At the end of the rainbow there isn’t a pot of gold, there is a sauna, I’m sure of it. Or the story could begin: when I die and go to heaven I hope all my friends and loved ones are there in a great big bath house, drinking Czech beer and going to the sauna in between cold sips of beer. Never mind the fact that I am not religious, don’t believe in God or heaven and hell or any of that mumbo jumbo.
This last year, and especially these last couple of months, I have been going to various saunas several times a week. In fact it has almost become an obsession for me. I love how every time I go to the sauna I come out feeling rejuvenated. Diving does the same for me. It’s a place to be in the moment and check all worries at the door. But, among other things, the sauna is also a symbol of my love for Finland and my friends there. I know of nothing better than to sit outside a sauna after a warm sweat and a cool dip, drinking a beer and talking with friends. In this way the sauna also bonds me with people close to me.
I read this folktale which really captures the spirit of the Finns or at least how they sometimes like to be portrayed (or is it really how we like to portray them?). It tells the story of a farmer who uses the sauna to reduce his chances of going to Hell. Over time he began to be able to withstand more and more heat and eventually the Devil heard of him and came up from Hell to meet the farmer and invited him to Hell to see if the farmer could withstand the heat of Hell itself. The Devil then told his minions to heat up Hell and make it hotter than ever before, but no matter how hot Hell became the farmer just smiled and asked for more heat. Eventually the Devil became so embarrassed and angry with the farmer that he threw the farmer out of Hell shouting at him never to return.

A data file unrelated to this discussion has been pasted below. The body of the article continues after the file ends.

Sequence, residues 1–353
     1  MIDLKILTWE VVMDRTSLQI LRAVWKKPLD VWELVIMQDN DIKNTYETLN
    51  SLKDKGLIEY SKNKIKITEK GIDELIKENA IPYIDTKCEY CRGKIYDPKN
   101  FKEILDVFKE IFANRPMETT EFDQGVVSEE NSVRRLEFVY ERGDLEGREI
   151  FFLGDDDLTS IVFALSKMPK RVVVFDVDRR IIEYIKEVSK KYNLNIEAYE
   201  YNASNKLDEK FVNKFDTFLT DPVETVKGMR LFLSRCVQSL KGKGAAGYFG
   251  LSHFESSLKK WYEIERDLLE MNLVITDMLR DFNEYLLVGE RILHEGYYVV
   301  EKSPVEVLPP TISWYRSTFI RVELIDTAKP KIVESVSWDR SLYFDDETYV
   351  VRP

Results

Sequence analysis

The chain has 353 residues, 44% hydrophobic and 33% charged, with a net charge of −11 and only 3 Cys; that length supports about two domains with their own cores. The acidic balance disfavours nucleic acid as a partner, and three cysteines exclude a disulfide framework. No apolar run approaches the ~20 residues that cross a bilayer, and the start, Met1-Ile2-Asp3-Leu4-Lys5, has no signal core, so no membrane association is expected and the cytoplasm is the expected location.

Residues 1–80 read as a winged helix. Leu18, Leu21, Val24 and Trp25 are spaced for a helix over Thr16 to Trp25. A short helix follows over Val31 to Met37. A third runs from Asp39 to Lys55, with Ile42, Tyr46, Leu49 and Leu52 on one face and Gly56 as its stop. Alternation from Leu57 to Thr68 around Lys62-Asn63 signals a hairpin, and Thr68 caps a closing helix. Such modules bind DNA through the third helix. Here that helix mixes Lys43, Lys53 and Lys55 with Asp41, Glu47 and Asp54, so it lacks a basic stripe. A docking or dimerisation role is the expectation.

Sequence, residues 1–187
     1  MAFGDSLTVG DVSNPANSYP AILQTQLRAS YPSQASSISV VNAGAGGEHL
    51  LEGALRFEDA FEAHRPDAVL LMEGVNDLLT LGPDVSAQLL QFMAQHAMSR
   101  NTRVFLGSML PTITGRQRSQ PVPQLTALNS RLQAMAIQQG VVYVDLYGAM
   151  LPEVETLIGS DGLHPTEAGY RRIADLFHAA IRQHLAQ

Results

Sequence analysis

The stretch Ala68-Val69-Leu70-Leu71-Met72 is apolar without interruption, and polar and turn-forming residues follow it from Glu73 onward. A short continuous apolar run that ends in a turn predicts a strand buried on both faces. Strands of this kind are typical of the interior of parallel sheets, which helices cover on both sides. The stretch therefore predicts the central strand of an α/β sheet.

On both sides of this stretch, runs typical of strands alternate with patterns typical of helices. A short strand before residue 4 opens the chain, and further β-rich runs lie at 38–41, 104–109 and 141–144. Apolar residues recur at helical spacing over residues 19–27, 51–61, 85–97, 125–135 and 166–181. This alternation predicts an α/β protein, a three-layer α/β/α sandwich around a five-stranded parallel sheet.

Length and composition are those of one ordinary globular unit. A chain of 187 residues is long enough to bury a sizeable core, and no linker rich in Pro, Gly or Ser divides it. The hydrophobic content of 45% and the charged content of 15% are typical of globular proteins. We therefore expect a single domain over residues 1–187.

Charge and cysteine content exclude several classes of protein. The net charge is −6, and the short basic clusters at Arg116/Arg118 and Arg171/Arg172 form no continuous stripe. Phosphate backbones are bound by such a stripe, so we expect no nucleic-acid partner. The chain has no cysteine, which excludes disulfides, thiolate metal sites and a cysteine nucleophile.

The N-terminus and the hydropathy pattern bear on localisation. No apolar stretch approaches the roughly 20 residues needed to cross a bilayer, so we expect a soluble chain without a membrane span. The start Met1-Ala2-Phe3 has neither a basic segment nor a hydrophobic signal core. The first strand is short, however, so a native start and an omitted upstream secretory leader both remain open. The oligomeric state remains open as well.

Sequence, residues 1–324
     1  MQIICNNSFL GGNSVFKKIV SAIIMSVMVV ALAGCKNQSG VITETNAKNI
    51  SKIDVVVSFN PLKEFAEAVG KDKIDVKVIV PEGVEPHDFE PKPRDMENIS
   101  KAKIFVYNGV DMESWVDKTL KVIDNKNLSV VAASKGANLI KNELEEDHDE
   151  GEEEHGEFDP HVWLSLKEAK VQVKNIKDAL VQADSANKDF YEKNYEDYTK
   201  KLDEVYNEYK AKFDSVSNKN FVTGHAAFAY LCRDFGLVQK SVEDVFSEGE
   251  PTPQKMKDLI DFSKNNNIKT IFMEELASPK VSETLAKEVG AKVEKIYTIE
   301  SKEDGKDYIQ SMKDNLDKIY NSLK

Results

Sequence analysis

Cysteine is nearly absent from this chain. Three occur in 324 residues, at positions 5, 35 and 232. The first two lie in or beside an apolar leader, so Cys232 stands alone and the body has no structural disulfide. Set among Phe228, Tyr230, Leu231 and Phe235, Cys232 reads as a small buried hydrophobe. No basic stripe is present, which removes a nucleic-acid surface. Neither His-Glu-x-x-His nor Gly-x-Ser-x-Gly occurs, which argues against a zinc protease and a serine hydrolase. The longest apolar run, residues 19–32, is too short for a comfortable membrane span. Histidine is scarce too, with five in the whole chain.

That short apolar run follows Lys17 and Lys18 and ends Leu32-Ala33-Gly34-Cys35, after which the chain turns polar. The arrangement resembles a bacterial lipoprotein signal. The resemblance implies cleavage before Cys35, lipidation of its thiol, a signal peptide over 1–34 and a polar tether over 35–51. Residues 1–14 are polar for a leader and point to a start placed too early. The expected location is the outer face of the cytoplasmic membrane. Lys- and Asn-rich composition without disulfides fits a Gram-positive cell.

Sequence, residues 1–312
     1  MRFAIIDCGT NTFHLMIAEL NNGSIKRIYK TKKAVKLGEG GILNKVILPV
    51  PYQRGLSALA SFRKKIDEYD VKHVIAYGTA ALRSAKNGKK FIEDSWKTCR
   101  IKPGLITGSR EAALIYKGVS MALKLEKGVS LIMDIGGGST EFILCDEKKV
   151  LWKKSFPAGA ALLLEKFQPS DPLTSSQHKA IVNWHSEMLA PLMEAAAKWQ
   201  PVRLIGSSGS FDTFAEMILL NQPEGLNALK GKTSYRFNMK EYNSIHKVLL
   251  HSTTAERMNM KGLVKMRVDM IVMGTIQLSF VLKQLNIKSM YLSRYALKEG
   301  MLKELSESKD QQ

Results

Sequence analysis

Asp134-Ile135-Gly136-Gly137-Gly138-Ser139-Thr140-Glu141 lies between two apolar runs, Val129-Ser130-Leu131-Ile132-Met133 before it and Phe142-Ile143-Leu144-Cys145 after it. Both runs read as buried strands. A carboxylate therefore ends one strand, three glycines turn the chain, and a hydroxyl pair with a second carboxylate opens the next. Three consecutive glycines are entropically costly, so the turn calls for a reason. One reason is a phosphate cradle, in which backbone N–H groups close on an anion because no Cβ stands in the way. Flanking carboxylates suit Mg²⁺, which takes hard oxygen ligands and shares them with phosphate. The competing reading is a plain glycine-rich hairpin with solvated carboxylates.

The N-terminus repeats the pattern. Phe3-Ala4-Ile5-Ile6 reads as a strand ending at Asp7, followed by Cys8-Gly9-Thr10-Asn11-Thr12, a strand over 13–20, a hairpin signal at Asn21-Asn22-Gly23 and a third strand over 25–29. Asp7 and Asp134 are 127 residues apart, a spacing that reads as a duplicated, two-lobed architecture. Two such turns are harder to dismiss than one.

Saunas have the power to function as social hot spots (no pond intended) or a place for inner reflection. It can be a cleansing ritual, a rite of passage both spiritual and physical or simply the beginning of a night out with friends. But I guess it’s just a matter of finding the poetry in the experience, just like a walk down high street can be just that, a walk, or an epic adventure like none ever set upon before in the history mankind.
Being a romantic and a poet at heart (who knew) I tend always to see the beauty and poetry in the occasion. I realize that even a sad and tragic event can have a beautiful side to it, and even moments of joy and exhilaration can have gloomy sides to them. It all depends on the way in which you choose to behold these moments and events in your life. A Hollywood love story with a happy ending can be a sad experience if you come out of the movie theatre feeling as lonely as when you went in. The death of a loved one can bring with it the bonding of family and loved ones and the realization that you need to feed your hopes and dreams before it is too late – stillness can bring motion and death can bring life in the same way, that life will ultimately bring death.
So why write about poetry, tragedy and love, when this blog started being about my love for the Finnish sauna. Well, the answer is Steam of Life a Finnish documentary set in a series of saunas where different people talk about love, life and tragedy. Young love is always portrayed as stormy, and indeed it can be. I’ve been there. I’ve loved and lost, but recovered to find love yet again. But love can manifest itself in many manifold ways and be poetic and beautiful without the fire of youth. One monologue in the documentary mentioned above tells of such a love. Read for yourself:
I remember my grandpa,
when I was a little boy.
I used to walk to their place
and he’d be chopping wood.
Grandma was inside,
cooking, doing chores.
When grandma was in a bad mood,
grandpa would stop us –
and ask us:
“Is it still stormy in the South?”
“Is your grandmother still angry?”
I asked grandpa how old
the oldest logs were in the shed.
He thought about it
and then said: “11 years.”
Grandpa chopped wood –
and grandma was either
in a good or a bad mood.
Then grandpa got dementia
and had to go to a nursing home.
When we visited him,
we told him everyday news –
but he wasn’t interested.
When we spent quiet time with him,
he would then ask –
where the end of the wood pile was, –
had it reached
the wall on the river side?
After four years grandpa found out
that his woodpile was running low.
He cried and apologized –
for not having chopped enough wood.
Afterwards, when I’ve thought about it, –
I realized –
that he wanted to chop enough wood –
to last until the end of grandmother’s life.
That’s when I realized –
how manifold love can be.